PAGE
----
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In Cuba, trial against high profile anti-government activists concludes

Artist Luis Manuel Otero Alcántara and rapper Maykel Castillo await sentencing, as international groups call for their release.
Police officers guard the entrance to the Marianao Municipal Court in Havana, on May 31, 2022, where the trials of Cuban dissident artists Luis Manuel Otero Alcántara and Maykel Castillo are being held.
Police officers Tuesday guard the entrance to Marianao Municipal Court in Havana, where the trials of Cuban dissident artists Luis Manuel Otero Alcántara and Maykel Castillo are being held.Yamil Lage / AFP - Getty Images

The trial of artist Luis Manuel Otero Alcántara and rapper Maykel Castillo, two of the most prominent anti-government activists in Cuba, concluded Tuesday.

A verdict is expected in the next two weeks, though it can take longer, according to Cuban activist Anamely Ramos.

Human Rights Watch and Amnesty International have been calling for their release.

Trials in Cuba are closed to the media and only relatives are allowed in the courtroom.

Otero Alcántara is facing seven years in prison on charges of defaming the Cuban flag, contempt and public disorder. Castillo is charged with contempt, resisting arrest, assault and defamation of national institutions. He faces up to 10 years in jail, according to Ramos.

Cuban activists have insisted both men are innocent of the charges.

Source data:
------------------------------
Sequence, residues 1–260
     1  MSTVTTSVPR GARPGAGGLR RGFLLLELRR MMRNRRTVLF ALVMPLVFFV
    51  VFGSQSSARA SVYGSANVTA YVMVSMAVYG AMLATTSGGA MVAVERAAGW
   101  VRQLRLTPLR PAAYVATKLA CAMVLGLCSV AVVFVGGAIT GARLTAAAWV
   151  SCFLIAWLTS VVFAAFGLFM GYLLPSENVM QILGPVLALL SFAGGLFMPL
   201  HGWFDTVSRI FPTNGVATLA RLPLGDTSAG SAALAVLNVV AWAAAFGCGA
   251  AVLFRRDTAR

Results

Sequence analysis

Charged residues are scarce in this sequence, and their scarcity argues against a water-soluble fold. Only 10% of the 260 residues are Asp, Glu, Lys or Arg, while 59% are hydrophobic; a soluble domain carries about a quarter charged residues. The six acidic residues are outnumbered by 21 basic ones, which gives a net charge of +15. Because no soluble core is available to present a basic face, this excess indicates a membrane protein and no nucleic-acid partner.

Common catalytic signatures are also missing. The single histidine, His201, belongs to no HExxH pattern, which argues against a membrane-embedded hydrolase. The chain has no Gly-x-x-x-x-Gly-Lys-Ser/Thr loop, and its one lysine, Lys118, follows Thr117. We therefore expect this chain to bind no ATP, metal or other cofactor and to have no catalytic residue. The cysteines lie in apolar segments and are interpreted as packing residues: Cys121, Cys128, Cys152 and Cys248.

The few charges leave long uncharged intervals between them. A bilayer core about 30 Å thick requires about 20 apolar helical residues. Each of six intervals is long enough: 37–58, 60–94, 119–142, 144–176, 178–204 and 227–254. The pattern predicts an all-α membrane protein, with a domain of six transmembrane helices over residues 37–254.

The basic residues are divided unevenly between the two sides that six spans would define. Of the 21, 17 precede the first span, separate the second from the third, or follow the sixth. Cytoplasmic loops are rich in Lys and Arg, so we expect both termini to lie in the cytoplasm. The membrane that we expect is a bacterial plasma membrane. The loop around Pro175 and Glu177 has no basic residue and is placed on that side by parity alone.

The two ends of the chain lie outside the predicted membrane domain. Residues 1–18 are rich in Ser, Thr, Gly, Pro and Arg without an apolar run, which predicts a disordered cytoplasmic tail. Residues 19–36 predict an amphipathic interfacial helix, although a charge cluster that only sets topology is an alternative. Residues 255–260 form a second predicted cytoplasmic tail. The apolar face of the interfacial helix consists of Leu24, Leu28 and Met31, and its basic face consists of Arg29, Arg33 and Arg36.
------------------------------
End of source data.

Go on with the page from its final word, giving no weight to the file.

Otero Alcántara was detained on July 11, 2021, the day the island exploded in protests against the Communist government. Castillo was detained in May 2021.

The joint trial has garnered worldwide attention. Castillo was one of the composers of the Latin Grammy award-winning song “Patria y Vida” (“Homeland and Life”), which became an anthem during the July protests. Images of Otero Alcántara appear in the music video as well. Time magazine named Otero Alcántara one of the 100 most influential people of 2021.

Both men were involved with the San Isidro Movement, a collective of artists and activists who are critical of the government’s censorship. It was named after the Havana neighborhood where Otero Alcántara resides.

Many of the members of the San Isidro Movement are no longer in Cuba; Ramos is one of them. The activist, who is in contact with relatives who attended the trial, told NBC News from New York that Castillo's last statement to the judge during the trial was, "Espero que la sentencia de usted, señora jueza, sea la de su conciencia," which translates to: "I hope your sentence, madame judge, is one dictated by your conscience."

Castillo had to find a new attorney just three days before the trial began, Ramos said, because the lawyer who had worked on his defense for months was removed. Ramos called the trial a "circus."

Ramos is stranded in the U.S. after she was prevented in February from boarding a flight to Havana from Miami; she said she has been barred from re-entering her country.

Cuba’s government has not commented publicly on the cases of Otero Alcántara and Castillo. State-run media has previously said both men receive funds from the U.S. government and has called the San Isidro Movement a “farce.”

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